# question about vectorization using indexes

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AM on 30 Jul 2019
Commented: Andrei Bobrov on 31 Jul 2019
Hello, I am trying to do the following operations in matlab but I have a problem with how to properly write my code using vectorization. This is just an example, m, n and the values of the vectors and matrices are just to illustrate my problem. In reality m and n can go up to 1000.
n=5; m=8;
a=4*ones(m,1); a(2)=2;a(n)=3;
b=2*ones(n,2);b(1,1)=5;b(3,1)=1;
ind=3*ones(n,2);
ind(1,2)=0;ind(3,2)=0; b(1,2)=0;b(3,2)=0;
non=zeros(1,n);c=zeros(1,n);
for i=1:n
non(i)=nnz(ind(i,:));
c(i)=prod(a(ind(i,1:non(i)))'.^b(i,1:non(i)),2);
end
I tried the following but it does not give correct results.
i=1:n;c=prod(a(ind(i,1:non(i))).^b(i,1:non(i)),2);
AM on 30 Jul 2019
Edited: AM on 30 Jul 2019
Thank you both for taking time to answer.
The values taken are just examples (poorly chosen I see but the main focus was that line where c is calculated) , what I am trying to do is avoid using a loop seeing as in reality n is equal to 1300. I thought using vectorization would make my code run faster since I am solving odes (I used profile viewer realized that part of the code is run over 8000 times).
What I want is to write a code that allows me to detemine c (i've changed ind so it doesn't always pick element 3) :
n=5; m=8;
a=4*ones(m,1); a([2,3,4,5,m])=[2,1,3,1,0];
b=2*ones(n,2);b([1,3],1)=[5,1];
ind=3*ones(n,2); ind([1,2,3,5],1)=[1 2 4 5];
ind([1,3],2)=0; b([1,3],2)=0;
c=zeros(1,n);
non = sum(ind ~= 0,2)';
for i=1:n
c(i)=prod(a(ind(i,1:non(i)))'.^b(i,1:non(i)),2);
end
I do not know if there is a simpler way to calculate c, I see it's not clear to either of you what that line does so maybe I chose a convoluted way to calculate it.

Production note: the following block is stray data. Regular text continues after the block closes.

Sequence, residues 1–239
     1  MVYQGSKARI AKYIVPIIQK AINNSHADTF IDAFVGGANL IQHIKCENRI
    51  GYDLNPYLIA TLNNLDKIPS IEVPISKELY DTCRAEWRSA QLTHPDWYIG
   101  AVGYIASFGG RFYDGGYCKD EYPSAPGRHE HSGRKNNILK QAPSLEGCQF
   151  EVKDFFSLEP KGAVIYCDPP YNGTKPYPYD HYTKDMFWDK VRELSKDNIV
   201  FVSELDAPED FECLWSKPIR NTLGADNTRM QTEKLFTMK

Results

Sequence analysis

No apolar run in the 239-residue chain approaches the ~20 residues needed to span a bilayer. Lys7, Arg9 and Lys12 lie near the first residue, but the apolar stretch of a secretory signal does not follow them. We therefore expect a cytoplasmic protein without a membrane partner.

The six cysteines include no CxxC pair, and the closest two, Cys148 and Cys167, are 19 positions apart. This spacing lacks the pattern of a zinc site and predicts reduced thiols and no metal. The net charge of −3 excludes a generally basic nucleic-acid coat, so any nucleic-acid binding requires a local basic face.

Basically, with this new example
>> a
a =
4
2
1
3
1
4
4
0
>> ind
ind =
1 0
2 3
4 0
3 3
5 3
>> b
b =
5 0
2 2
1 0
2 2
2 2
c(1)=a(1)^b(1,1)
c(2)=a(2)^b(2,1)*a(3)^b(2,2)
c(3)=a(4)^b(3,1)
and so on
c(i)=prod(a(ind(i,1:non(i)))'.^b(i,1:non(i)),2);
I use a(ind(i,1:non(i))) as the element of a because otherwise if i coded it as a(ind(i,:)) it would try to read a(0) for i=1 for example and give the following error
Array indices must be positive integers or logical values.
Is there a simpler way to do it and one that does not require a loop?

Stephen23 on 30 Jul 2019
Edited: Stephen23 on 30 Jul 2019
Note that ind and b must be transposed for this to work:
>> a = [4;2;1;3;1;4;4;0]; % must be column!
>> ind = [1,0;2,3;4,0;3,3;5,3].'; % transposed!
>> b = [5,0;2,2;1,0;2,2;2,2].'; % transposed!
>> idx = b~=0;
>> XC = ind(idx);
>> bC = b(idx);
>> [~,idc] = find(idx);
>> out = accumarray(idc,a(XC).^bC,[],@prod)
out =
1024
4
3
1
1

Guillaume on 30 Jul 2019
Edited: Guillaume on 30 Jul 2019
Another option is to append a 0 (or any finite value) to the start of a and increase ind by 1, so a(ind+1) is always valid. Assuming that b is 0 when ind is 0 as in your example (if not, it's trivially fixed), then anything.^0 is 1 and multiplying by 1 doesn't affect the result, so:
c = prod(apadded(ind + 1) .^ b, 2)
As a bonus, c is a column vector matching the rows of b.
If b can be non-zero when ind is 0:
c = prod(apadded(ind + 1) . ^ (b .* (ind ~= 0)), 2)
to compensate.
edit: actually, if b can be non-zero when ind is 0, the easiest is to pad a with a 1 instead of a zero. Since 1.^anything is 1, it doesn't affect anything:
c = prod(apadded(ind + 1) .^b, 2) %b can be zero or non-zero where ind is 0. It'll result in 1.^something
Guillaume on 31 Jul 2019
Note: although both options are very fast even for very large inputs, this option is about twice as fast as the accepted answer. And much simpler and using less memory.

Andrei Bobrov on 31 Jul 2019
ind(ind == 0) = 1;
c = prod(a(ind).^b,2);
##### 2 CommentsShowHide 1 older comment
Andrei Bobrov on 31 Jul 2019
lo = ind == 0;
ind(lo) = 1;
c = prod(a(ind).^(b.*~lo),2);

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